The U.S. pharmaceutical supply chain must be remodeled to address long-standing conflicts and achieve a delivery model marked by transparency, affordability and access, a multistakeholder working committee created by Business Group on Health recommended recently to industry leaders and government regulators.
The committee, composed of employers, health plans, pharmacy benefit managers, pharmaceutical manufacturers, health systems, consultants, retailers, wholesalers and other key stakeholders, worked to develop consensus-driven, disruptive solutions for a more patient-centered and financially sustainable pharmaceutical ecosystem. It is officially known as the Pharmaceutical Supply Chain Leadership Forum.
The forum convened during the past two years to study challenges within the pharmaceutical supply chain, culminating in 70 specific reform recommendations. Many of these proposed actions address the need for increased transparency in such specific areas as therapeutic alternatives and actual out-of-pocket costs.
“To a great extent, the contractual arrangements and business practices of stakeholders along the pharmaceutical supply chain have contributed to unaffordable and unsustainable drug prices, prompting calls for market- and policy-based reforms, including possible government intervention to regulate drug prices,” said Ellen Kelsay, president and CEO of Business Group on Health. “By drawing upon their deep expertise and working in consensus, forum members identified potentially disruptive, yet necessary changes.”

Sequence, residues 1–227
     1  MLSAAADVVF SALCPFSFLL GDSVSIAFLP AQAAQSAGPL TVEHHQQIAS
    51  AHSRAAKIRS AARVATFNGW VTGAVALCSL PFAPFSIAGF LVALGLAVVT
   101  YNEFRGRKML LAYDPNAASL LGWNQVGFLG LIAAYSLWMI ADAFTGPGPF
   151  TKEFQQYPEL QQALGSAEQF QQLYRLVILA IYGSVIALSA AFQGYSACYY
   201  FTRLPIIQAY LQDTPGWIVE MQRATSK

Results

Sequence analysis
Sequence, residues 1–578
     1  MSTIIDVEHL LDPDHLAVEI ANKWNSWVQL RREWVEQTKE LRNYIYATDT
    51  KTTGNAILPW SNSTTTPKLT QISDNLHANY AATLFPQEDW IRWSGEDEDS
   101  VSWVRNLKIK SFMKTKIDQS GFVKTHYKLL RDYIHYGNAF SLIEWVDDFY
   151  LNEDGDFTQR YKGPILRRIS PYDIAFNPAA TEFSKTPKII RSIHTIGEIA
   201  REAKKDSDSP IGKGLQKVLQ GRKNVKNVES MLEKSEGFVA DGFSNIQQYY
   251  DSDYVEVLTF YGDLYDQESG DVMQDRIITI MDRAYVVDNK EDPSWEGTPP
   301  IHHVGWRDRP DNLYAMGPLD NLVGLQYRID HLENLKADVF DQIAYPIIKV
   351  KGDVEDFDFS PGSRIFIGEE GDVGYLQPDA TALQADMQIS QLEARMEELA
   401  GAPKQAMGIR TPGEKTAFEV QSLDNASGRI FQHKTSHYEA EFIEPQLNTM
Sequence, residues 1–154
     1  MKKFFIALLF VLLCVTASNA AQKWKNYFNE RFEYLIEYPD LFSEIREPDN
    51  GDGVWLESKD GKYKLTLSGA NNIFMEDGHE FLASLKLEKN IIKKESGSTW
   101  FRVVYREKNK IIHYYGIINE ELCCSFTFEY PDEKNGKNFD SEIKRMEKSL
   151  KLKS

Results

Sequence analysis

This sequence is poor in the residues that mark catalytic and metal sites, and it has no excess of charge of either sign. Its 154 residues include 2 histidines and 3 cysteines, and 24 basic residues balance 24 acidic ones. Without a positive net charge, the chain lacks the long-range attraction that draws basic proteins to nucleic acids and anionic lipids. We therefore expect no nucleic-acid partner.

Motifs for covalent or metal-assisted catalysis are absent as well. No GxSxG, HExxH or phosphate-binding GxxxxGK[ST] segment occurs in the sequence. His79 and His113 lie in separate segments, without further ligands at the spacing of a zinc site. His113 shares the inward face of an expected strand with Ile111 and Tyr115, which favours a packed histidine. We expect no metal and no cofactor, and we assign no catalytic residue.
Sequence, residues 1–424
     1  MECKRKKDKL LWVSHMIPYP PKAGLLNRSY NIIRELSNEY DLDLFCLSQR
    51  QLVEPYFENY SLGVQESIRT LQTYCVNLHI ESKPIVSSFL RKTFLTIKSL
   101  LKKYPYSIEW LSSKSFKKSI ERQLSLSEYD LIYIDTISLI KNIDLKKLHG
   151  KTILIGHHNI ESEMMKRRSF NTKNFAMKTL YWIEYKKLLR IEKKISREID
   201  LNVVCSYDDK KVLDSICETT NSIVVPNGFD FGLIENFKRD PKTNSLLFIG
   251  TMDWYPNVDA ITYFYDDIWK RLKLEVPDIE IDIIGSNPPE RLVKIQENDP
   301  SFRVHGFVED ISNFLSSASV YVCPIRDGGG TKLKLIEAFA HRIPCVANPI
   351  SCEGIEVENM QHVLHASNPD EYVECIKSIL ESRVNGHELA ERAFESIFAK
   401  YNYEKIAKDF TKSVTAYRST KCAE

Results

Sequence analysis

The committee agreed upon the following key tenets to guide the development and finalization of the specific recommendations:
- Individuals should have access to the right drug, in the right place, at the right time, and at an affordable price, as well as access to information on therapeutic alternatives, price and true out-of-pocket costs;
- Financial incentives must be realigned across the pharmaceutical supply chain to prioritize consideration of lowest-cost options to the system when clinical outcomes are similar, reduce artificial price inflation and eliminate conflicts of interest;
- Benchmarks for drug prices should be established by a transparent and independent third party, informed by a cost-effectiveness analysis and validated by real-world data evaluations; and
- Policymakers should promote policies that increase competition within the pharmaceutical market, enable market-driven reform, eliminate waste and mitigate overall cost.